༺ I Don’t Need a Guillotine for My Revolution ༻
Written by – 카르카손
Translated by – Mara Sov
༺ Revolutionary Period – National Assembly (2) ༻
South of Loire River, there has been a growing discontent with the Revolutionary government because of their religious persecution and the confiscation of the church’s property.
Because of this, when conscription officers were sent to draft soldiers the locals resisted and protested, which ended in the death of one officer and with his entourages either injured or killed as well.
“This is a betrayal to the motherland!”
“We freed those peasants from the oppression and now they dare to act against the Revolution?!”
The National Assembly was boiling with shouts and clamor filled with anger.
Until now, the Revolution represented the rightful justice.
The old regime was the enemy, and the future envisioned by them was one where the people united under a single banner in opposition to this enemy.
The banner of the Revolution.
But now, those who opposed this ideal weren’t the nobles or the royalty, but the very same people whom the revolution sought to free.
“Those fools have been defending the corrupt clergy from the beginning! There’s no doubt those ignorant peasants have been warped by the clergy!”
Naturally, the National Assembly believed that a third factor must have been behind the uprising.
“Perhaps they were merely agents bought with noble money-“
At this comment from an Assembly member, a brief silence ensued as all eyes were directed toward Christine and me.
Since the region where the revolt occurred was close to Bordeaux – the Capital of Aquitaine – they must have suspected her.
“According to the reports, the conscription officer and his entourage executed some residents first. Shouldn’t we verify the sequence of facts leading to this revolt first, before deciding—“
Some of the moderates tried to reason with the angry mob, but their opinions were quickly rebutted.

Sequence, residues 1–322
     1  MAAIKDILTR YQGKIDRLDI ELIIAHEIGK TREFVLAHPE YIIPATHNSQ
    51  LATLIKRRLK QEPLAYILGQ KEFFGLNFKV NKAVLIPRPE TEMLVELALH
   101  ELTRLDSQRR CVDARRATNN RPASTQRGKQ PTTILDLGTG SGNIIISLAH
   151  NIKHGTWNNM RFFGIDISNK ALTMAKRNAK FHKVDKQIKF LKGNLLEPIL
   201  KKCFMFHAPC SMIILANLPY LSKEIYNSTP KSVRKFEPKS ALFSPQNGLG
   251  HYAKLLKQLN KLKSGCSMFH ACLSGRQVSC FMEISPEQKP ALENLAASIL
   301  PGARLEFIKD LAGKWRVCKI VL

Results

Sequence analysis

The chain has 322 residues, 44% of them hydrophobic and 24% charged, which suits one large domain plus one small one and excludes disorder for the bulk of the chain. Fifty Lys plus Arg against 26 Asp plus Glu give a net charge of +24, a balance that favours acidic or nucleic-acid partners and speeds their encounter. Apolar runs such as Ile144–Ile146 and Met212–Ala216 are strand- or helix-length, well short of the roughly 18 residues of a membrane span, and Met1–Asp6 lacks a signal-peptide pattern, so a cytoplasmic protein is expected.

“What if they rise against us again? We are on the cusp of war against the King and other nations, and those fools dare to defy the Revolutionary government. This is clear proof that those ignorant wretches are traitors to the Republic!”
“They have been swayed by the King or they were corrupted by the other nations!”
“How dare they rebel against the government when the whole country needs to be united to defend our motherland?! If they aren’t traitors then what are they?”
Suddenly, all eyes turned to the current leader of radicals, Prosecutor Maximillien Le Jidor.
“We have freed ourselves from the chains of the old regime and built a Republic for the people. To protect this Republic, the people must be guided by reason. And our enemies must be guided by fear. The Revolutionary government stands as a dictatorship of liberty against the despotism of the monarchy. Since they have rebelled against us, then this simply means they are enemies of the people.”
He easily branded an entire province as traitors of the government.
Were these the same people who sentenced me to the guillotine, alleging I plundered enemy territories during the civil war?
This cannot stand.
“Death to the traitors of the Republic-“
“Allow me to make a statement.”
The sudden shouts were cut off by my voice, as the members of the Assembly looked at me.
Perhaps because I don’t usually show my face in this council, my sudden proclamation garnered their attention.
“I believe it would be premature to label them as rebels now.”
“How are those who refused to heed our Republic’s call and even harmed the officers, not rebels?”